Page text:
An 8-foot section of the pipe at the Chevron refinery in Richmond, CA, that thinned dangerously before it failed last month and help start a massive blaze is now in a lab undergoing analysis, federal officials said.
The wall of the 5/16th-inch-thick, 8-inch-diameter pipe leading away from the No. 4 Crude Unit had “lost most of its original thickness,” said U.S. Chemical Safety Board investigators. The section will undergo analysis for corrosion or other factors that may have led to its rupture and the Aug. 6 fireball.
The probe will focus on whether Chevron followed industry standards in deciding to leave the pipe in place last year when the refinery was shut down for maintenance, said Don Holmstrom, the Chemical Safety Board’s western regional manager.
Chevron decided to replace a nearby 12-inch-diameter line during that refinery shutdown because of corrosion. The company considered replacing the 8-inch line but in the end kept the pipe in place.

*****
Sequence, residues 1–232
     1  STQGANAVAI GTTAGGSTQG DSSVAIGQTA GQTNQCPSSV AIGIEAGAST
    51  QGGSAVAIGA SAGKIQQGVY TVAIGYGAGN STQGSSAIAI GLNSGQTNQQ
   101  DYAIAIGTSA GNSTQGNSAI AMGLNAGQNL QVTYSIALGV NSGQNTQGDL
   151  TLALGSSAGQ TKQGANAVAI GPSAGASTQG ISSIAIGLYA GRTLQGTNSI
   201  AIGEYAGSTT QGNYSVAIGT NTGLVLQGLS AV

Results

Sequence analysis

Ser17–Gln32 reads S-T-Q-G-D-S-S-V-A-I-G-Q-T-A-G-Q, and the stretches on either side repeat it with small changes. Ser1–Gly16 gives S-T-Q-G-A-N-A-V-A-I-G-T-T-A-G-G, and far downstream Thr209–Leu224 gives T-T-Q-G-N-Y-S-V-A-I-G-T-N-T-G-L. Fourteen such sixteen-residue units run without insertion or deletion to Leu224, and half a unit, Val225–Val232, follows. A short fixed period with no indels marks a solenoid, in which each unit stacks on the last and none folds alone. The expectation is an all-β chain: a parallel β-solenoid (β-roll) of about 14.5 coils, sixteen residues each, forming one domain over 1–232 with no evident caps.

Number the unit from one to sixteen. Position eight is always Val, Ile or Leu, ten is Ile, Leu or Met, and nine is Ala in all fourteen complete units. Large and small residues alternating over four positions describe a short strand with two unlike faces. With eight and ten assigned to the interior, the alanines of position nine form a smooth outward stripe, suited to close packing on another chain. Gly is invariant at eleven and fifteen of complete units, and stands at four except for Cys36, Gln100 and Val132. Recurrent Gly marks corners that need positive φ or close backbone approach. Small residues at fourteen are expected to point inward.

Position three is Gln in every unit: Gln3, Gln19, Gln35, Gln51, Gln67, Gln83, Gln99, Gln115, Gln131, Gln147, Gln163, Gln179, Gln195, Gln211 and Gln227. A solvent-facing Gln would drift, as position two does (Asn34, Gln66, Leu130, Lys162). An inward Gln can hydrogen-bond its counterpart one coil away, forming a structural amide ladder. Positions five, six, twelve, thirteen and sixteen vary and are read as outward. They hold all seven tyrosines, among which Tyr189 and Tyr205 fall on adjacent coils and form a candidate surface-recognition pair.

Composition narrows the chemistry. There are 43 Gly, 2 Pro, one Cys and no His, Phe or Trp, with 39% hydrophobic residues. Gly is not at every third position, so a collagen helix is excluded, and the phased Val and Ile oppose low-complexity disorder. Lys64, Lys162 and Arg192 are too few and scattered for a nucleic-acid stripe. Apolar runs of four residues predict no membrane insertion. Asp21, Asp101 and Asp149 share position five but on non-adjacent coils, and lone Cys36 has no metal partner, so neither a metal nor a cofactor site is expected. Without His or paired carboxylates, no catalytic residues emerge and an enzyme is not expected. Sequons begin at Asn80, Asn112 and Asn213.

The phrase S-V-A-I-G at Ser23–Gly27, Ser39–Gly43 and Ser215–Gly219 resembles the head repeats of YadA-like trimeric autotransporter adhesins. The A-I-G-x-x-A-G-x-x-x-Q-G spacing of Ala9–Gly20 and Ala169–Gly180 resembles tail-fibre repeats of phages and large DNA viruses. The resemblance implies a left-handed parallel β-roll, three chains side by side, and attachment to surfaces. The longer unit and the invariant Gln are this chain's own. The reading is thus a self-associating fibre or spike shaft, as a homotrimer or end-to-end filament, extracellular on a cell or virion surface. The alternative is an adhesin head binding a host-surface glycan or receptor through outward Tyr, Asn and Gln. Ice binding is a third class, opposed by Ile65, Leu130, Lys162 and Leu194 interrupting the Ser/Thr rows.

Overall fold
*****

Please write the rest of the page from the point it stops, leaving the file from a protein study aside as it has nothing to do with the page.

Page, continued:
Holmstrom said the federal investigators were still trying to determine how badly thinned the pipe was last year when Chevron made the initial decision to replace it.
One source close to the investigation said the pipe had lost roughly 80 percent of its wall thickness near the spot that ruptured, leaving about 1/16th of an inch of its wall remaining in some locations.
Holmstrom said federal investigators are also looking at whether regulators, notably the state’s Division of Occupational Safety and Health, exercised proper oversight of the refinery operation.
A recent federal audit found Cal/OSHA’s industrial process safety unit was conducting “very few, if any” comprehensive workplace-safety inspections of refineries and chemical plants in the state. A Chronicle review found what inspections the state has performed have not resulted in a single fine against a major oil company.